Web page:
S. Korean Official: Kim Jong Il's Successor Not Final

The decision on who will become North Korea's next leader may not be final despite reports that Kim Jong Il has tapped his youngest son to succeed him, South Korea's defense chief said.

Who will take over as ruler of nuclear-armed North Korea after Kim has been the focus of intense speculation since the 67-year-old reportedly suffered a stroke last August.

South Korea's spy agency told lawmakers that Pyongyang notified its diplomatic missions and government agencies overseas that 26-year-old Kim Jong Un, the youngest of Kim's three sons, will inherit the leadership of the communist nation.

But Defense Minister Lee Sang-hee told the National Assembly on Tuesday that intelligence suggests a final decision has not been made. He did not elaborate.

His comments added to the murky succession drama in the reclusive country. The conflicting assessments come amid tensions over the North's May 25 nuclear test and signs that the regime is preparing to test-fire missiles in violation of U.N. Security Council resolutions.

Pyongyang has issued a no-sail zone through July 10 in waters off its east coast for "military drills."

Kim Jong Il has controlled the impoverished nation of 24 million with absolute authority since his father's death in 1994. Regional powers fear instability and a power struggle if he dies without naming a successor. North Korea has denied Kim was ever ill, but he appeared gaunt in an April appearance at parliament.

Lee told lawmakers that South Korea's military was keeping a close watch on Kim's health amid possible signs his condition has worsened.

Kim visited a semiconductor materials factory and the country's academy of sciences in the east coast city of Hamhung, the North's official Korean Central News Agency said Wednesday.

Lee also said it's clear that the North — which conducted two underground nuclear tests in 2006 and in May this year — was pursuing an uranium enrichment program, which can be more easily hidden than a plutonium-producing reactor.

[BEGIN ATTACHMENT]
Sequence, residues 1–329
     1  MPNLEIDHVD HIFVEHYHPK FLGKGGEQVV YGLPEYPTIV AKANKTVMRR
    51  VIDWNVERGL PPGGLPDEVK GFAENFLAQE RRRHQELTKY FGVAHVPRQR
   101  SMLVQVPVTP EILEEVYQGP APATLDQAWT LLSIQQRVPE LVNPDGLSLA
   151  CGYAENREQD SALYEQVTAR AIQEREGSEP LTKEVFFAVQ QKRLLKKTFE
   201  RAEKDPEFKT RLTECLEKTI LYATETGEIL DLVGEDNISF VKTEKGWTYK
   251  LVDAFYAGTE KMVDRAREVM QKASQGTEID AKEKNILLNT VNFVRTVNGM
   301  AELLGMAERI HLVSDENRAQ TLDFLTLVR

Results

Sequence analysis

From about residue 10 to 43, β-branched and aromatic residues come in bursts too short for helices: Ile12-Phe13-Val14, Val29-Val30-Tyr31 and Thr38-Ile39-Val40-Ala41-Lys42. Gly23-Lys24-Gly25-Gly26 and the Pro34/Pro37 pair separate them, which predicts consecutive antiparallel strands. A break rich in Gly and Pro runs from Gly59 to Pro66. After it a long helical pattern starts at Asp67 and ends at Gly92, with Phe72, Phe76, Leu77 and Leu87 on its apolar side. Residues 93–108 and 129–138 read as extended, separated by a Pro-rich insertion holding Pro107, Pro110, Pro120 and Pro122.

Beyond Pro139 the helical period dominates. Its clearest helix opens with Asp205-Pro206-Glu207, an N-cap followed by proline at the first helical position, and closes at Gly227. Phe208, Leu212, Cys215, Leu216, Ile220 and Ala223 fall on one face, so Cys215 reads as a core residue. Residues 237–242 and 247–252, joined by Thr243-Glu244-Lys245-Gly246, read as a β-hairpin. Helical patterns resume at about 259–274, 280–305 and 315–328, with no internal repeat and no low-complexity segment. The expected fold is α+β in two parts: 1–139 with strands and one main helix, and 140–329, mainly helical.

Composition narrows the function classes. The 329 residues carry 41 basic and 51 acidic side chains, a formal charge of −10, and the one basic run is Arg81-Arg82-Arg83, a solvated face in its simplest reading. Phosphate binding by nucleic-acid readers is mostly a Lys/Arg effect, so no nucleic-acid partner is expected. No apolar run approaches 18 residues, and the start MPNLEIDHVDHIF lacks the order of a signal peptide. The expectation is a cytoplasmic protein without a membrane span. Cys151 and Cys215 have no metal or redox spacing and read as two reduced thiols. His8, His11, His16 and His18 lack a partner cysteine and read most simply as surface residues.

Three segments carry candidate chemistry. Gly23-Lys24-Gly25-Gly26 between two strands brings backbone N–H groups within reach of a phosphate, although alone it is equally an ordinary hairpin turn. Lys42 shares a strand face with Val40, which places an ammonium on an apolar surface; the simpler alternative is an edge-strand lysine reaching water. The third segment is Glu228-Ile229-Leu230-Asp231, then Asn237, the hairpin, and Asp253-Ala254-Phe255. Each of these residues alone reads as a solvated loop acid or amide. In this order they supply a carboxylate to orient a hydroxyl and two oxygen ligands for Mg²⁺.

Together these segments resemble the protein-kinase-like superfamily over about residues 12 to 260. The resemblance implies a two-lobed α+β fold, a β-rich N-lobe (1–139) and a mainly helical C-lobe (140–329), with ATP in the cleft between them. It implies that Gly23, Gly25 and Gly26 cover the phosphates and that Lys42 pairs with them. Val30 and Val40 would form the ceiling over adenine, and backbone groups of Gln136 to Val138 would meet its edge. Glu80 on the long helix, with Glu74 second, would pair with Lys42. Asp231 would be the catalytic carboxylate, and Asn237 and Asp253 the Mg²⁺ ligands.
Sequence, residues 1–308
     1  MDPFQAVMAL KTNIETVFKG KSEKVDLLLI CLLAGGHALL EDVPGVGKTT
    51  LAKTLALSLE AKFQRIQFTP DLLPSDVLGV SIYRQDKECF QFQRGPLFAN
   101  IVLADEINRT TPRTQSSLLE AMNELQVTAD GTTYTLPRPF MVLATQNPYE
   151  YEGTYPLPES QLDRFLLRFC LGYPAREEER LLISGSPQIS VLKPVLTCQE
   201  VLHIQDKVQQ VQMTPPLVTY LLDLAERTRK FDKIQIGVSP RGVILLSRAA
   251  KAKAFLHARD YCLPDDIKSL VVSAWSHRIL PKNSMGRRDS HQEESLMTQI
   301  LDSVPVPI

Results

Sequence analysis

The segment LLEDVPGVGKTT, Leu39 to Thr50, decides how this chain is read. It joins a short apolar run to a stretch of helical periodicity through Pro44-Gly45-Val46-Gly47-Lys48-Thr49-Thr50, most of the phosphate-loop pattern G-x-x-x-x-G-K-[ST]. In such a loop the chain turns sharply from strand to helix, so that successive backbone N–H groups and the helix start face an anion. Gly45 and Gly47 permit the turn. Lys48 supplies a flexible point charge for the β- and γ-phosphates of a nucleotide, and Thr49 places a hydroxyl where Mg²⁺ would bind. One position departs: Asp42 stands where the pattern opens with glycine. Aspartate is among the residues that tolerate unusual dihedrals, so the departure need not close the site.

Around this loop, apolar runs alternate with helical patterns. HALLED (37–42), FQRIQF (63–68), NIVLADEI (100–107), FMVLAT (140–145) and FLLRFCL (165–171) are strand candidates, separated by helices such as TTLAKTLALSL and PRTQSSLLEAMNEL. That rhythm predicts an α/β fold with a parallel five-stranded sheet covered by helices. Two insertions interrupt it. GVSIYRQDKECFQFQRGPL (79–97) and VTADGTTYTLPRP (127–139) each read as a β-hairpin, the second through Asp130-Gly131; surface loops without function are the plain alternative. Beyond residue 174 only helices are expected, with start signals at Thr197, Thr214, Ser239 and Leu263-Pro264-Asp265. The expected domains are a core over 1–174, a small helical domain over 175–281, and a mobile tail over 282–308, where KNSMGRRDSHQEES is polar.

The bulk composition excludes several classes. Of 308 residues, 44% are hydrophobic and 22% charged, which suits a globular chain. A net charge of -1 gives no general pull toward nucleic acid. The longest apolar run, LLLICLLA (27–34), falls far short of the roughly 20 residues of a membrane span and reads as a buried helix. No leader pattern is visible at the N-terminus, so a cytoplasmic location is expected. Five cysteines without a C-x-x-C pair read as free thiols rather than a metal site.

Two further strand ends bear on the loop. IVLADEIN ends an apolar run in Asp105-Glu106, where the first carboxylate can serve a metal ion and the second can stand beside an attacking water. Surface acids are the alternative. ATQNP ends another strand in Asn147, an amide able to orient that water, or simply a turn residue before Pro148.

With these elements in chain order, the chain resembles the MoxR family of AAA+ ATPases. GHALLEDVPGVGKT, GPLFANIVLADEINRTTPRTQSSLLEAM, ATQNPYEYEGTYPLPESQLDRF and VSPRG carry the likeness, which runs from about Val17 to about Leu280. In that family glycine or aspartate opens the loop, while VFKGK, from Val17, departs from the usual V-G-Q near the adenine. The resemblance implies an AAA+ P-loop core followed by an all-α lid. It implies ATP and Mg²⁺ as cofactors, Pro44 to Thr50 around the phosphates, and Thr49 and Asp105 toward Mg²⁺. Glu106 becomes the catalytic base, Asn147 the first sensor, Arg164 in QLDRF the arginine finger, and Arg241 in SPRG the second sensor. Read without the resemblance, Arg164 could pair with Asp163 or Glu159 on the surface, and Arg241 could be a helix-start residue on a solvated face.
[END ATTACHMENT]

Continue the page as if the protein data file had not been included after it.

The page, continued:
Meanwhile, a U.S. delegation headed by Philip Goldberg left Tuesday for Beijing to discuss U.N. sanctions slapped on North Korea for a nuclear test last month, the State Department said. Goldberg, a former ambassador, is in charge of coordinating the sanctions' implementation.

China's cooperation in enforcing sanctions against its neighbor is seen as crucial to increasing pressure meant to push the North back to nuclear disarmament talks.

The new resolution seeks to clamp down on North Korea's trading of banned arms and weapons-related material by requiring U.N. member states to request inspections of ships suspected of carrying prohibited cargo.

In Washington, the U.S. Treasury Department on Tuesday imposed financial sanctions on Hong Kong Electronics, a company located in Kish Island, Iran, that is accused of involvement in North Korea's missile proliferation network.

The action means that any bank accounts or other financial assets found in the U.S. belonging to the company must be frozen. Americans also are prohibited from doing business with the firm.

It is the latest move by the U.S. to keep pressure on Pyongyang, whose nuclear ambitions have ratcheted up global tensions.

U.S. officials also said Tuesday that a North Korean ship — the first vessel monitored under the U.N. sanctions — had turned around and was headed back toward the north where it came from.

The freighter had been tracked for more than a week by U.S. Navy vessels on suspicion of carrying illegal weapons.

The ship was initially believed to be heading toward Myanmar. The move came after Myanmar's authorities told the North Korean ambassador they wouldn't allow the Kang Nam 1 to dock if it was carrying weapons or other banned materials, a Radio Free Asia report said.